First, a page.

Last month I went to Canada to attend the 14th
International Estuarine Biogeochemistry Symposium (IEBS) in Rimouski, Québec,
and unintentionally discovered my relationship status. More on this later-
first the really interesting news, such as what did I learn at the symposium?
Exploring the Canadian east coast during the 14th IEBS.
In particular, I learned that the St. Lawrence
Estuary is the biggest in the world, a detail that the local scientists and organizers
did not miss to emphasize, extensively. Smaller estuaries were however also tolerated,
which was good news for the in comparison rather small estuaries of the Baltic
Sea that I presented. Particularly the northern Baltic Öre estuary (64 km2
must have received a cuteness bonus in many minds.
Rimouski and its university (UQAR) are directly situated at the St. Lawrence Stream and thus a perfect spot to discuss estuarine biogeochemistry.
The theme of the 14th
“Estuaries: biogeochemical reactors in the land-sea continuum” and sessions included
the topics “eutrophication & nitrogen cycling”, “carbon” and “trace metals
& technology-critical elements”. Excellent key note presentations were
given by Alfonso Mucci, Markus Huettel, Sue Ziegler and Montserrat Filella. COCOA member Christophe
Rabouille joined the meeting as well and had as French
native speaker a clear language advantage over many of the international guests
from as far as Brazil, Mexico, China or Finland. Nevertheless, no language
barrier could stop the ~ 55 enthusiastic scientists of all levels from MSc
students to professors to discuss and exchange about estuaries at large and the
latest ongoing work. The organizing team of the Université du Québec à Rimouski
(UQAR) did a great job in providing a snug atmosphere for talks, poster sessions and
all evening mingle; having the local brewery as a sponsor was clearly a good
The happy participants of the 14th International Estuarine Biogeochemistry Symposium in Rimouski, Canada (picture: UQAR).
one night, at a later hour, in a pub, I apparently decoded the feelings at the bottom of
my heart. If your thoughts now went wild, please get a grip and reconsider-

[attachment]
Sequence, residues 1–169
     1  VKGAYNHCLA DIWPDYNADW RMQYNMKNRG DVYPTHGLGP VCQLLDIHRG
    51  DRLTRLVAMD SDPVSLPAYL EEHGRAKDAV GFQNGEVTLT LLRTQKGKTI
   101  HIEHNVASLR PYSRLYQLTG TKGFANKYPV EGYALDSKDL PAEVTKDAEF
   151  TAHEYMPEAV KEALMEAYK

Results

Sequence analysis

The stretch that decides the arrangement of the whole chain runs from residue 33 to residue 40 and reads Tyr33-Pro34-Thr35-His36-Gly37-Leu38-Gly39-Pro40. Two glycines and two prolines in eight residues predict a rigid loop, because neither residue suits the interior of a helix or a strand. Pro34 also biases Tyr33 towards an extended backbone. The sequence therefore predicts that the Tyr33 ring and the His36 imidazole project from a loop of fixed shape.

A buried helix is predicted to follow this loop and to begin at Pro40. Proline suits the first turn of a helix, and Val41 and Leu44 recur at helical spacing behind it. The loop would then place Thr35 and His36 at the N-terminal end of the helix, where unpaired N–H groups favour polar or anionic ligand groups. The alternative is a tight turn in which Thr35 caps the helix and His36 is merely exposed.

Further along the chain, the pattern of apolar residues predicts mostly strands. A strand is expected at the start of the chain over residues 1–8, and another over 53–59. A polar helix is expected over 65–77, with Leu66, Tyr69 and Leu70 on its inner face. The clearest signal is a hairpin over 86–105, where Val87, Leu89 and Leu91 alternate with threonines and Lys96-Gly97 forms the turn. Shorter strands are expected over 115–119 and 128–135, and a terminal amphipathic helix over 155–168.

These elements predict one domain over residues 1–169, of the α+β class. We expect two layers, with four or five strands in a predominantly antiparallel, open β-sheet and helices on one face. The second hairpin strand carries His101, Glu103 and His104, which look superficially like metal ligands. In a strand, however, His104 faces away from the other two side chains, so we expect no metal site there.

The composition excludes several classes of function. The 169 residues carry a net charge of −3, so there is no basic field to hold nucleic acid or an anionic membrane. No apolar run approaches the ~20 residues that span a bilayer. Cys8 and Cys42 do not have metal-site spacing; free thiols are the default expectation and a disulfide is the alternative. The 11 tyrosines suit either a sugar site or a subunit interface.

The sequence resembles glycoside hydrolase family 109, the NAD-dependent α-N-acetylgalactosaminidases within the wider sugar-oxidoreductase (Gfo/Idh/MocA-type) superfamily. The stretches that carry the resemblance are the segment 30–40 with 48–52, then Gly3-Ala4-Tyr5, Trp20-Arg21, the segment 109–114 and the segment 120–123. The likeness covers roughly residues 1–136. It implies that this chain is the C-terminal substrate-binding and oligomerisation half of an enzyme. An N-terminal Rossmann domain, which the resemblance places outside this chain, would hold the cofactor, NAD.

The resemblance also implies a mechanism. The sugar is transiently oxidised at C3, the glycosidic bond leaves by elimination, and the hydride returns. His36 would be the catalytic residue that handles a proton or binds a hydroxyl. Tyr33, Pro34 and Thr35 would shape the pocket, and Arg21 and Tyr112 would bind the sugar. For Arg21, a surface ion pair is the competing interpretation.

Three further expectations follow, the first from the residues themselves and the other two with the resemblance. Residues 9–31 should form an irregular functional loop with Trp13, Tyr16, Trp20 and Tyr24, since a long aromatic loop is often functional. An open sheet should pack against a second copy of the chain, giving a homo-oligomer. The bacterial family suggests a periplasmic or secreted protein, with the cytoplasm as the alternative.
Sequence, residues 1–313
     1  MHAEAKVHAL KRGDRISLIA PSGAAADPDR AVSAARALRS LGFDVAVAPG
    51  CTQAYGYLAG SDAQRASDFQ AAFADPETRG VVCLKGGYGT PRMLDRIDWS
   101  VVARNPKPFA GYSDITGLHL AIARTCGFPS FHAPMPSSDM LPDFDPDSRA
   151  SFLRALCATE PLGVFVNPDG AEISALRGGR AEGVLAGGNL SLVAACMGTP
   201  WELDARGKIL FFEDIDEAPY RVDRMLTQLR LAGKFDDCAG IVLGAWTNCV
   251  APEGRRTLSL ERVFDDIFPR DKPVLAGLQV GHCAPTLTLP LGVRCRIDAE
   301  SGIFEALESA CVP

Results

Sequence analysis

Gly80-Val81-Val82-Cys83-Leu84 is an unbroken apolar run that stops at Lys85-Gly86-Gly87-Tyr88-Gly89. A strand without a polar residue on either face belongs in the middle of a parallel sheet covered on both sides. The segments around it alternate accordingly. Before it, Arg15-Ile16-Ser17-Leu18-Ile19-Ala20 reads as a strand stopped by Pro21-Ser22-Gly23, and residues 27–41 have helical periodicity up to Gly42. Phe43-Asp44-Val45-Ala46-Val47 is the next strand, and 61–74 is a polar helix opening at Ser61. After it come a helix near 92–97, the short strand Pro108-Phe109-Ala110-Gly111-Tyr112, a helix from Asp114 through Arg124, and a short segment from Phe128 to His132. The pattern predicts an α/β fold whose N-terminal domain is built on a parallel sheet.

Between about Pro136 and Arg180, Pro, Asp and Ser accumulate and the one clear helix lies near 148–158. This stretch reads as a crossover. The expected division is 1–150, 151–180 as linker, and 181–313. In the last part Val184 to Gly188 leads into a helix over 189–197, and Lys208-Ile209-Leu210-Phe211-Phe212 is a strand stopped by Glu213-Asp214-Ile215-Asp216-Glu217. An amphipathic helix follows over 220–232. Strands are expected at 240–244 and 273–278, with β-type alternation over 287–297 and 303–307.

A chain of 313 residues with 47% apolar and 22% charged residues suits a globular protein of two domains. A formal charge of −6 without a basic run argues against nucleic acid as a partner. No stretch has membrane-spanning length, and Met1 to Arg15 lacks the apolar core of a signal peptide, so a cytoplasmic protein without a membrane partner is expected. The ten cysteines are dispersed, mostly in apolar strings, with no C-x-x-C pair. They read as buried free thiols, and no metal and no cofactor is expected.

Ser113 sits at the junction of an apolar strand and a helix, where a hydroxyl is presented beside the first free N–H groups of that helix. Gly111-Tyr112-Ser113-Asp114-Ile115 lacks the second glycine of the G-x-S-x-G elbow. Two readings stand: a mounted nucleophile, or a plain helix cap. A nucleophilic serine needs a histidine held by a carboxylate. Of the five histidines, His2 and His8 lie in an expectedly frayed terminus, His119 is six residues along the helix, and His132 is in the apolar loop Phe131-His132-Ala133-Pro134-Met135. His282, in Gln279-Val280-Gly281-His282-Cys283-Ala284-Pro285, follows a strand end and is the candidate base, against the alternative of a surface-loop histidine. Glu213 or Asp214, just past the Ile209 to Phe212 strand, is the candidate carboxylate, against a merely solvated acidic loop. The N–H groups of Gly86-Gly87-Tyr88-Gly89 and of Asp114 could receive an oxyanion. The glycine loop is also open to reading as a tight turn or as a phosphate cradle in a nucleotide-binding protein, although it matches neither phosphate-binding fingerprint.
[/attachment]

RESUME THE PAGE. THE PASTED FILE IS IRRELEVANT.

this is a decent platform. During a student night organized by UQAR we battled
for the cup of the best PhD/MSc thesis presentation by drawing (3 min) and
explaining (30 sec). Speed presentations with a touch of modern art.
And here it
comes: my drawing turned out to be dominated by hearts. Hearts around N2.
In relationship with a gas? Well, that does solve the problem of “plus avec”
invitations via “take a breath of air”, but of course there was also a deeper
meaning in using the symbols. Take a look at the drawing / bar-scribble,
for better understanding re-coloured:
The 30 sec explanatory
talk went somewhere along the lines of....
“The Baltic Sea in northern Europe has too
many nutrients, mostly nitrate, which leads to algae blooms (--> green scribble) and oxygen
deficiency, so the sea is in bad ecological condition (--> sad smiley). The only way to remove
nitrogen from an aquatic ecosystem is via denitrification and anammox, which
results in N2 that goes into the air (--> that´s good *at least in a
eutrophic system* --> HEARTS). Estuaries are recognized as potential
hot spots of nitrogen removal and these are the 3 estuaries I looked at.“ FULL
STOP and a deep breath.
me down on scientific spotless accuracy, but nevertheless, my piece of art & speech was convincing enough to score second place. Now I am proud owner of
a new coffee cup.
conference was rounded up by a hike in the national park Bic at the St. Lawrence
Stream on World Ocean Day, strengthening our attachment to the biggest estuary of the world.
National Park Bic, Québec.
Thanks UQAR for organizing such an interesting symposium!